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Monday, 31 December 2012

So What Did I Actually Get Around to in 2012?

My granddaughter Becky chopping tomatoes for her cooking challenge
 

No Foodie New Year's Resolutions for me this year, instead an" I Did it List". It feels so much more postive to reflect on what has been done then to set myself up for possible failure with grandiose and unachievable goals.

I thought it would be a very short list, but as I began to write it grew and grew and I realised that a lot of little things had added up to a great foodie year. Hopefully 2013 will be as good, or even better.
  • I had a lot of fun developing and sharing new recipes.Which mean that my family didn't have to put up with" the same old same old" food every day but were persuaded to try new dishes and ingredients.
  • My blog doubles as the Family Recipe Book.I haven't put up all my stash of recipes yet, but they are on the way. Now when anyone asks me for a favourite recipe I can just point them to "Shoot and Eat" and it's theirs. And if any of my family and friends send me a great recipe I can add it in and also link it to my Facebook pages.
  • I set my granddaughter a foodie challenge and when she has learnt how to cook 20 new dishes I've promised to take her out shopping and buy her a gift. She's well on the way to finishing it, and now she can make smoothies, cook scrambled eggs, bake a chocolate cake,  toss a salad and make Spaghetti Bolognaise. She clamours to cook the next dish whenever she comes over and it's given me a real buzz to have been able to build her cooking confidence.
  • When I check my statistics I've been amazed to see how far flung my readers are: from Afghanistan, to South Korea, Argentina and China. It's really humbling to think that people from so far awayhave somehow stumbled onto my blog and taken the time to read what is happening in my kitchen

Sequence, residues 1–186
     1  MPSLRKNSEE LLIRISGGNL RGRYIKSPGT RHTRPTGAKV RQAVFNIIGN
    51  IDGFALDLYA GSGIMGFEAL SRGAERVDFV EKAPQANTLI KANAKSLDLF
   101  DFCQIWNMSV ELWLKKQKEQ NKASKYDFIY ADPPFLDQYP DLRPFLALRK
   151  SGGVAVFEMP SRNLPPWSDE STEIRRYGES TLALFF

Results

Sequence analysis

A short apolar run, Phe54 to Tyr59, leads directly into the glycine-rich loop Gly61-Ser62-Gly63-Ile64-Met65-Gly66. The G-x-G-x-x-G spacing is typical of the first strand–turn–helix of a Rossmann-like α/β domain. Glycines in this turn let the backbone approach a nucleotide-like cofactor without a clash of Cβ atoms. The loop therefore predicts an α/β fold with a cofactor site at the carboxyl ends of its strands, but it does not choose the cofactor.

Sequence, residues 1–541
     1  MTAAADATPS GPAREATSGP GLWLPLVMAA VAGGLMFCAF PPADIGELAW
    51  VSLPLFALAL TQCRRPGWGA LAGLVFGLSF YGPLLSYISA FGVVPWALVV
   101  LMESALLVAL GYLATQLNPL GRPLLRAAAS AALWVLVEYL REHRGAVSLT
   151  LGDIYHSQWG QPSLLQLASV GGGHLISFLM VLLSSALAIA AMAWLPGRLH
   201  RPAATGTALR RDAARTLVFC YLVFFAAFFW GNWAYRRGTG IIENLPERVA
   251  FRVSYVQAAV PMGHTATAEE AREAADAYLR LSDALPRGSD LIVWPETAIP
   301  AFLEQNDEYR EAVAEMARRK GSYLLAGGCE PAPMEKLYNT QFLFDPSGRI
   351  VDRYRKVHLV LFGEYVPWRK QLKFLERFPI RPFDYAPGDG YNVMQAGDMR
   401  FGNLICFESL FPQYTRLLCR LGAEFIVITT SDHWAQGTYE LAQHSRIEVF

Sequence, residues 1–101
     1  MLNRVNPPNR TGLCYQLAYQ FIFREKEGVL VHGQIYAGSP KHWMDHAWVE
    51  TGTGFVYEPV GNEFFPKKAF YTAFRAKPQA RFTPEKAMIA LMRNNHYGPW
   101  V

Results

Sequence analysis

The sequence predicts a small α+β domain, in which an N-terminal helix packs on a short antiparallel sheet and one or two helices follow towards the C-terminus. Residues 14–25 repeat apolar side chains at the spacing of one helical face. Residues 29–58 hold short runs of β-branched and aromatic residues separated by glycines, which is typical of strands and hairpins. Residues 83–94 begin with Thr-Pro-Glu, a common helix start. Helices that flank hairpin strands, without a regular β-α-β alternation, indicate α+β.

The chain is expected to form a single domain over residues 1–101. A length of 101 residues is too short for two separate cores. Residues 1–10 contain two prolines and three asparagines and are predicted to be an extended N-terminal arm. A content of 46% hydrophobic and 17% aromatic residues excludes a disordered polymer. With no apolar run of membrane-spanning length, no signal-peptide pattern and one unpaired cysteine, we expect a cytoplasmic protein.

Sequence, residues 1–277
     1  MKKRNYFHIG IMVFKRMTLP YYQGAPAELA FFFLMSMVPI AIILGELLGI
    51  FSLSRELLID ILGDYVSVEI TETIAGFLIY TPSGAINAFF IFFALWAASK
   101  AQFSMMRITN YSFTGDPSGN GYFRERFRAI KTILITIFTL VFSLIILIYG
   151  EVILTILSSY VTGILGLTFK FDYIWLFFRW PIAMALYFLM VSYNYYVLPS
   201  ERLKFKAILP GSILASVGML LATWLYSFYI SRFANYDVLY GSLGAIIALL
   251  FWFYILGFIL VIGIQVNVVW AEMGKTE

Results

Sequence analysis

• Thanks to Alison Mawer who started the New Zealand Food Blogger's Association which is a great point of contact for New Zealand Food Bloggers  http://www.foodbloggersnz.com/ for pointing me in the direction of Dianne Jacob's book " Will Write for Food," It has given me lots of food for thought. 
  • I added my blog to the list at http://www.everyrecipe.co.nz . and it's also a way to see at a glance what new recipes other New Zealand Food Bloggers are creating day by day.
  • While enjoying browsing in   Couscous and Consciousness  http://couscous-consciousness.blogspot.co.nz/ I discovered The I Heart Madjur Jaffrey Cooking Club at http://iheartcookingclubs.blogspot.co.nz/ .I  own several of her recipe books which I started to cook from again and am enjoying being part of a group of Indian Food Lovers and reading their contributions as well.
  • And I've continued to indulge a passion for adding to my cookbook collection. There's been some amazing finds in local opportunity shops and garage sales. My bookshelves have run over and there are piles of books on the floor. I'm getting a reputation as a hoarder, and do I care? Not at all. Each one is a treasure in its own way.
  •  I joined IWW ( International Writer's Workshop) to improve my writing skills and it has so broadend my horizons and challenged me to write in a variety of genres.
  • Food Photography is my real passion and I have so much yet to learn. Writing a food blog is a great excuse for creating picture making opportunities. I like to shoot using natural light. It continues to surprise me just how much the light differs at different times of the day, even in the same place inside our house or out in the garden.
  • Writing a food blog has been a great excuse for starting  conversations  about food with all sorts of people who cook, grow or produce food locally. I've learnt a lot from them and they have made my life more interesting.
  • Was food blogging worth the trouble? I think so. So far so good!




A Formal Dinner to Welcome the New Year



On New Year's Eve we always have a formal 3 course sit down dinner.Candles will be lit,  there'll be flowers on the table , and we'll be suitably dressed. The silver might even get a polish and we'll share it with a friend or two.

The thought of a formal dinner like this can be really daunting to some but what I cooked this year wasn't difficult and it didn't take all day but it was a really special so I'll post it.

There are no pics ( except one of the chocolate mousse which I took well beforehand) because it would have felt too intrusive to be snapping each course before it went on the table.